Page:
Update: DC ratepayer advocate rejects proposal to save Exelon-Pepco merger
- In a statement made today, the D.C. Office of the People's Counsel said it couldn't accept Exelon and Pepco's latest proposal aimed at saving their proposed $6.8 billion merger.
- At issue for the ratepayer advocate is how to allocate part of the $78 million customer investment fund (CIF) that would be set aside to protect consumers from rate impacts.
- People's Counsel Sandra Mattavous-Frye said in the statement that the most recent proposal from the utility companies doesn't entail "the type of rate protection I have been seeking in this case for almost two years."
The Exelon-Pepco merger saga continues, with D.C.'s ratepayer advocate rejecting the latest proposal to save the merger. The rejection deals another blow to the merger that would create the nation's largest utility, but has struggled to gain approval in the District of Columbia
After the D.C. PSC rejected a settlement deal made between the Exelon, Pepco, D.C. Mayor Muriel Bowser, and several merger stakeholders, Exelon and Pepco filed a new proposal on Monday with the D.C. PSC in an effort to save their proposed $6.8 billion merger.
When rejecting the deal, the regulators expressed concern in their order that non-residential ratepayers were shut out of the $25.6 million allocated for residential rate relief under the settlement deal made last year. Now under the new conditions, that money would be assigned as a part of Pepco’s next rate case, which is under the purview of the PSC.
The latest alternative proposal put forward by Exelon addressed the PSC's concerns over how to allocate the million fund. While the original settlement set aside about $25 million for residential rate relief, the PSC said those funds should be allocated at Pepco's next rate case — a provision the mayor and other city officials oppose. Under the new proposal, a $45.6 million allocation of the CIF would be split into two parts — $25.6 million for a residential rate freeze and $20 million for the commission to use at its discretion.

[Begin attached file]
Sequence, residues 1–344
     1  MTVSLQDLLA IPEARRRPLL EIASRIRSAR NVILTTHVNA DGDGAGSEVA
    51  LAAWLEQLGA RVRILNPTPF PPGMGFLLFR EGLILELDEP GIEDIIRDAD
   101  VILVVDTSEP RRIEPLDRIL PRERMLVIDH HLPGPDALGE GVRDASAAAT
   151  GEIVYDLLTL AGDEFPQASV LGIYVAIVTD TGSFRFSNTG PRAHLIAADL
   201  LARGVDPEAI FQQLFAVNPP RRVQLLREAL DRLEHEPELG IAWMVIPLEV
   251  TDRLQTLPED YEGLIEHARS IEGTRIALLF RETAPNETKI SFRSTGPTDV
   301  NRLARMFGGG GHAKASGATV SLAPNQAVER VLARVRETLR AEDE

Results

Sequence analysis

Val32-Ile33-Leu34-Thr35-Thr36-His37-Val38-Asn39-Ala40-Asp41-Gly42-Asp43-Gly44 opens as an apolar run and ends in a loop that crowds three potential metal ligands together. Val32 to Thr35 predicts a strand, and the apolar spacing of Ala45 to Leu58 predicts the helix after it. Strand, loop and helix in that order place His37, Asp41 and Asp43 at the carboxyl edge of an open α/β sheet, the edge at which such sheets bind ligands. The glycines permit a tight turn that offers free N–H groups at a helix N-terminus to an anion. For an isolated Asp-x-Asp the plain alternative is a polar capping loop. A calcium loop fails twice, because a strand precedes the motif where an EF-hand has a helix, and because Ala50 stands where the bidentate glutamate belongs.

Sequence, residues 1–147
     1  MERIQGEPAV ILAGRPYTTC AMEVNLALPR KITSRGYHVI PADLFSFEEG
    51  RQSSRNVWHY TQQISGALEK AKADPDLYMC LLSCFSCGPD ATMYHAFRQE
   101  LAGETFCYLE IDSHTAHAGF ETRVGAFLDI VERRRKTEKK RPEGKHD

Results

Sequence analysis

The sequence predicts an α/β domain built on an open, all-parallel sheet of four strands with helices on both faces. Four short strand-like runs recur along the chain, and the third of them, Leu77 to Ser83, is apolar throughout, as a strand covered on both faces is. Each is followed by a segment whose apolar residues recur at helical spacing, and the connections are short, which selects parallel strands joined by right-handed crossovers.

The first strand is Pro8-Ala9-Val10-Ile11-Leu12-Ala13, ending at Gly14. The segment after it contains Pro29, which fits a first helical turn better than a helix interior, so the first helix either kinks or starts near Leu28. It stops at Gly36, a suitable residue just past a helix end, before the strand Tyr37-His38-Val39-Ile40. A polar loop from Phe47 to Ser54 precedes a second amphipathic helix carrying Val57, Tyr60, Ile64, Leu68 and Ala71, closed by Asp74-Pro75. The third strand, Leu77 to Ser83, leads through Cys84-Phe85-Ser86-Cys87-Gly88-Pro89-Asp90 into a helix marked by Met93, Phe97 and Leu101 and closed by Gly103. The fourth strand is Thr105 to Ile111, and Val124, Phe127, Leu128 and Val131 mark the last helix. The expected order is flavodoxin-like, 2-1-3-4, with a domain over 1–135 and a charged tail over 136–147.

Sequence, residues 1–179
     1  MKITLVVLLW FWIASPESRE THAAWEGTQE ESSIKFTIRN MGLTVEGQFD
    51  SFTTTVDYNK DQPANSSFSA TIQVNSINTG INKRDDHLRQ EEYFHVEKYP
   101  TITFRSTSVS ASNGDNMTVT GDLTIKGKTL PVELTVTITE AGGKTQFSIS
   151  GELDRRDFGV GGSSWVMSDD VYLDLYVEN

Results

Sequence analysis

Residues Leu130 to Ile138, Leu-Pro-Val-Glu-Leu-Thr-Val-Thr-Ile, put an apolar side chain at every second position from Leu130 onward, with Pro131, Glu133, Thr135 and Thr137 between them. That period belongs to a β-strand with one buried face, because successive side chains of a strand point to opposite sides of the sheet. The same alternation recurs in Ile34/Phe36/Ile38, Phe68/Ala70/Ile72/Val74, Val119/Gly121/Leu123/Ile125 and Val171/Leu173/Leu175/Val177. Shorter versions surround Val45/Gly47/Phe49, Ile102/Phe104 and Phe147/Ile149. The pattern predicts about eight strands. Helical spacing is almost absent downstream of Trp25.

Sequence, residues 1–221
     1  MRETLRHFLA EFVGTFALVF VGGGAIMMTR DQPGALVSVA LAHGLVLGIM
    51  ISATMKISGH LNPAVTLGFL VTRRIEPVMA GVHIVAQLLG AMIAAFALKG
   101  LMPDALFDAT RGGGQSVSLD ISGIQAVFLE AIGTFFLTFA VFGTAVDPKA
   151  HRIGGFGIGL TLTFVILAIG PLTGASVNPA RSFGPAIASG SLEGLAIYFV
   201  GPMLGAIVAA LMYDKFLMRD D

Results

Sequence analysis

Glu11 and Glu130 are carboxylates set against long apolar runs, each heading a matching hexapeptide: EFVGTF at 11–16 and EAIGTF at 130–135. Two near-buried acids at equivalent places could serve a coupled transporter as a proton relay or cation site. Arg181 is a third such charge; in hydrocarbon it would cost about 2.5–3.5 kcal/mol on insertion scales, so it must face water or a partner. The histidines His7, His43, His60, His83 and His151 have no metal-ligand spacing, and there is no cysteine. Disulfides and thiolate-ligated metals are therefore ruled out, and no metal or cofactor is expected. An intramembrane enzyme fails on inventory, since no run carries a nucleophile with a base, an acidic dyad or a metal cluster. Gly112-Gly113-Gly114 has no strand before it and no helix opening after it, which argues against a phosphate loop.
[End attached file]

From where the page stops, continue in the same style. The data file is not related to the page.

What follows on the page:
The Office of the People's Counsel did not find the new proposal to be in the public interest. Instead, they said the original settlement reached by several parties in October 2015 is still in the public interest "because of the promise of rate protection, improvements in reliability, job creation and development of renewable energy alternatives."
A spokesperson for Exelon reached out to Utility Dive to offer this comment on behalf of Exelon and Pepco: "Practically every party that filed comments today continues to believe the merger is in the public interest and supports its approval. The comments show differing opinions on how a portion of the more than $78 million in funds that Exelon has committed to the District should be used if the merger is approved. We hope the Public Service Commission will find a solution that secures all of the benefits for the District and Pepco’s customers and urge it to consider the alternatives we have outlined to approve the merger."
- Washington Business Journal People's Counsel rejects latest Pepco-Exelon merger proposa
- DC PSC People’s Counsel Rejects Latest Pepco-Exelon Merger Proposals
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